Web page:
What is minimally invasive surgery?
Minimally invasive surgery includes various techniques that allow your surgeon to operate with less damage to your body than traditional open surgery entails. During open surgery, your surgeon makes a large incision so they can see where they’re operating. Minimally invasive surgery uses specialized instruments and small cameras that allow your surgeon to see the inside of your body without making a large cut. Advantages of minimally invasive surgery include:
- Smaller incisions
- Less pain
- Reduced blood loss
- Lower risk of infection
- Shorter hospital stay
- Faster and easier recovery
The Tier 1 Orthopedic and Neurosurgical Institute team takes a conservative, patient-focused approach to treatment. When surgery is necessary, they use the least-invasive method possible.
What are the types of minimally invasive surgery?
There are many ways to perform minimally invasive surgery. Depending on your needs, the Tier 1 Orthopedic and Neurosurgical Institute team may recommend one of the following:
This technique uses an arthroscope, which is a thin, flexible tube with a light and camera. The arthroscope fits into a buttonhole-sized incision and allows your surgeon to visualize the inside of a joint. Arthroscopy can help diagnose and treat a wide range of common problems, from shoulder pain to torn cartilage in your knee.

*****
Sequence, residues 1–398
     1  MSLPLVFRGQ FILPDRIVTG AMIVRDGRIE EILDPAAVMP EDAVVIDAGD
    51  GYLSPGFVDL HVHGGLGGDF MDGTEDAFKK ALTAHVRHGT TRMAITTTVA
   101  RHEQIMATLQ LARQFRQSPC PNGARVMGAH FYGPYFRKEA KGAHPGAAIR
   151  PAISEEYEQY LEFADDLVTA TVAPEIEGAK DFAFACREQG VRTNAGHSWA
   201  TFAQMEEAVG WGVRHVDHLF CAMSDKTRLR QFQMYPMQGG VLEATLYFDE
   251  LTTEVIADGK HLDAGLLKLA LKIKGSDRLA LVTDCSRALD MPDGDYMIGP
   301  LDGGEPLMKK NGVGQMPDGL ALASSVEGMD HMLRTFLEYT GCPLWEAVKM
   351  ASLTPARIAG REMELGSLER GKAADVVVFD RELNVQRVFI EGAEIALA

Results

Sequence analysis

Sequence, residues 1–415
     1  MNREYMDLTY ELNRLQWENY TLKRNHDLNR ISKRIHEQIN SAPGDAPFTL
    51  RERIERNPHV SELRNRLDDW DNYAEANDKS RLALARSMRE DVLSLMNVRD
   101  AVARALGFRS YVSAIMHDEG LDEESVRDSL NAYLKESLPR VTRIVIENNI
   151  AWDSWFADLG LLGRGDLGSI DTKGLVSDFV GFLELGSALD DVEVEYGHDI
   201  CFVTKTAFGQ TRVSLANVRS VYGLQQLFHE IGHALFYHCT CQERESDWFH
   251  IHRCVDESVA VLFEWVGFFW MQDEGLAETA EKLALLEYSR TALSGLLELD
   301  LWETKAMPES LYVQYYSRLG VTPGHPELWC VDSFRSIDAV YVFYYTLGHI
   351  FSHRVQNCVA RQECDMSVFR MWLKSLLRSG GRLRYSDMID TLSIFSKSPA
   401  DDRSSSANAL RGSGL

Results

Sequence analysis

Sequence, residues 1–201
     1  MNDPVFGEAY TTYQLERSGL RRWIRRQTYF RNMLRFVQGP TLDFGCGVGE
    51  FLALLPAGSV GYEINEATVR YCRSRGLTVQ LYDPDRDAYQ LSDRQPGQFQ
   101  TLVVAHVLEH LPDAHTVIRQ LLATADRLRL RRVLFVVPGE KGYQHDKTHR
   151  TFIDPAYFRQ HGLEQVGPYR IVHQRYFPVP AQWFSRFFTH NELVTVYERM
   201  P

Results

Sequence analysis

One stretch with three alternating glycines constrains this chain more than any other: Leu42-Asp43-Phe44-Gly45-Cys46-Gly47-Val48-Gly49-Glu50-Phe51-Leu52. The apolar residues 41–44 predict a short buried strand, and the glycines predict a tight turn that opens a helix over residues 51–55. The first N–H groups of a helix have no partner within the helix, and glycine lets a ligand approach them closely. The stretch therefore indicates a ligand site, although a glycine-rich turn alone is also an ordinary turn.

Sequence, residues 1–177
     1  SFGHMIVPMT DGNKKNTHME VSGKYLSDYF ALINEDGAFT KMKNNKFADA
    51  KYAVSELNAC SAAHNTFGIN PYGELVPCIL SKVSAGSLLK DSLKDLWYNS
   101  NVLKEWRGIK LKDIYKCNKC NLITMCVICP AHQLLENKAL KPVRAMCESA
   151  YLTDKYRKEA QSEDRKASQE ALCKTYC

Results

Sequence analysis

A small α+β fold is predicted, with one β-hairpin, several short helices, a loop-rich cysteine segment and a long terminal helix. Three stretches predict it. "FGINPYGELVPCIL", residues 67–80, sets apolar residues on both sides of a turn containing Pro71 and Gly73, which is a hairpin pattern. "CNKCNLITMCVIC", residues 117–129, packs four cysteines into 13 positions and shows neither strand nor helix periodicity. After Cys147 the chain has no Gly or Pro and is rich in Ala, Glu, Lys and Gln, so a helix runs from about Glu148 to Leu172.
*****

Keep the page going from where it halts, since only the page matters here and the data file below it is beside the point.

Robotic surgery involves the assistance of a robotic arm, which also includes a small camera to visualize your internal organs. Robotic technology allows your surgeon to operate with a higher degree of control, precision, and flexibility.
Minimally invasive spine surgery
Minimally invasive spine surgery (MISS) uses an instrument called a tubular retractor, gently pushing aside muscle and soft tissue to create a tunnel to a specific area of your spine. Your surgeon operates through this tunnel while using a specialized microscope and real-time X-ray images for guidance.
What conditions can minimally invasive surgery treat?
Minimally invasive surgery can treat many of the same injuries and disorders as open surgery, including:
- Sports injuries
- Knee pain
- Shoulder pain
- Hip pain
- Foot and ankle pain
- Back pain
- Neck pain
In some cases, open surgery may be a more effective approach. Your surgeon discusses the risks and benefits of each procedure and recommends the best option for you. To learn more about minimally invasive surgery, call Tier 1 Orthopedic and Neurosurgical Institute, or request an appointment online today.